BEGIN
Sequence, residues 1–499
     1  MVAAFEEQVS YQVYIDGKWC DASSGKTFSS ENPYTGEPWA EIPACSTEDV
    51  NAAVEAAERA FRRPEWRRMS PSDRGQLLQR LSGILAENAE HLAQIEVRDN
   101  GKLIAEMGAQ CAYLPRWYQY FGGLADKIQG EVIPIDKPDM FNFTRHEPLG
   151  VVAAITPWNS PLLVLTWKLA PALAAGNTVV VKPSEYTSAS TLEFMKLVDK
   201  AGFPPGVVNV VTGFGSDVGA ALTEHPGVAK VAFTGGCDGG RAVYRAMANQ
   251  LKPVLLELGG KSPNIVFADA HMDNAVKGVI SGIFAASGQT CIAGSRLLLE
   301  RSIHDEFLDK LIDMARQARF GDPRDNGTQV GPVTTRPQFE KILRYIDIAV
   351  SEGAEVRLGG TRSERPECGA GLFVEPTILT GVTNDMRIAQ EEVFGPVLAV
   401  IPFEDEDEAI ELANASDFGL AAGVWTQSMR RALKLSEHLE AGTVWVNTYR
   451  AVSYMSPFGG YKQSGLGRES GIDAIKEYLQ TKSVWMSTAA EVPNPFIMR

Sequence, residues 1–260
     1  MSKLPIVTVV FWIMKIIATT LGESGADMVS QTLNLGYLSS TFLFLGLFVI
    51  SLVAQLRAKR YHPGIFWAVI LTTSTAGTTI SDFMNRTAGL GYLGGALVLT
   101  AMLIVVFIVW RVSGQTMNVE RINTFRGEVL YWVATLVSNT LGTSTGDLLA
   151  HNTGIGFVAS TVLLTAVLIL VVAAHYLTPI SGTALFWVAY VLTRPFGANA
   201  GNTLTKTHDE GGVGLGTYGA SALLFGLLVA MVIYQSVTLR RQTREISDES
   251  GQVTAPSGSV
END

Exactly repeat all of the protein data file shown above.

Sequence, residues 1–499
     1  MVAAFEEQVS YQVYIDGKWC DASSGKTFSS ENPYTGEPWA EIPACSTEDV
    51  NAAVEAAERA FRRPEWRRMS PSDRGQLLQR LSGILAENAE HLAQIEVRDN
   101  GKLIAEMGAQ CAYLPRWYQY FGGLADKIQG EVIPIDKPDM FNFTRHEPLG
   151  VVAAITPWNS PLLVLTWKLA PALAAGNTVV VKPSEYTSAS TLEFMKLVDK
   201  AGFPPGVVNV VTGFGSDVGA ALTEHPGVAK VAFTGGCDGG RAVYRAMANQ
   251  LKPVLLELGG KSPNIVFADA HMDNAVKGVI SGIFAASGQT CIAGSRLLLE
   301  RSIHDEFLDK LIDMARQARF GDPRDNGTQV GPVTTRPQFE KILRYIDIAV
   351  SEGAEVRLGG TRSERPECGA GLFVEPTILT GVTNDMRIAQ EEVFGPVLAV
   401  IPFEDEDEAI ELANASDFGL AAGVWTQSMR RALKLSEHLE AGTVWVNTYR
   451  AVSYMSPFGG YKQSGLGRES GIDAIKEYLQ TKSVWMSTAA EVPNPFIMR

Sequence, residues 1–260
     1  MSKLPIVTVV FWIMKIIATT LGESGADMVS QTLNLGYLSS TFLFLGLFVI
    51  SLVAQLRAKR YHPGIFWAVI LTTSTAGTTI SDFMNRTAGL GYLGGALVLT
   101  AMLIVVFIVW RVSGQTMNVE RINTFRGEVL YWVATLVSNT LGTSTGDLLA
   151  HNTGIGFVAS TVLLTAVLIL VVAAHYLTPI SGTALFWVAY VLTRPFGANA
   201  GNTLTKTHDE GGVGLGTYGA SALLFGLLVA MVIYQSVTLR RQTREISDES
   251  GQVTAPSGSV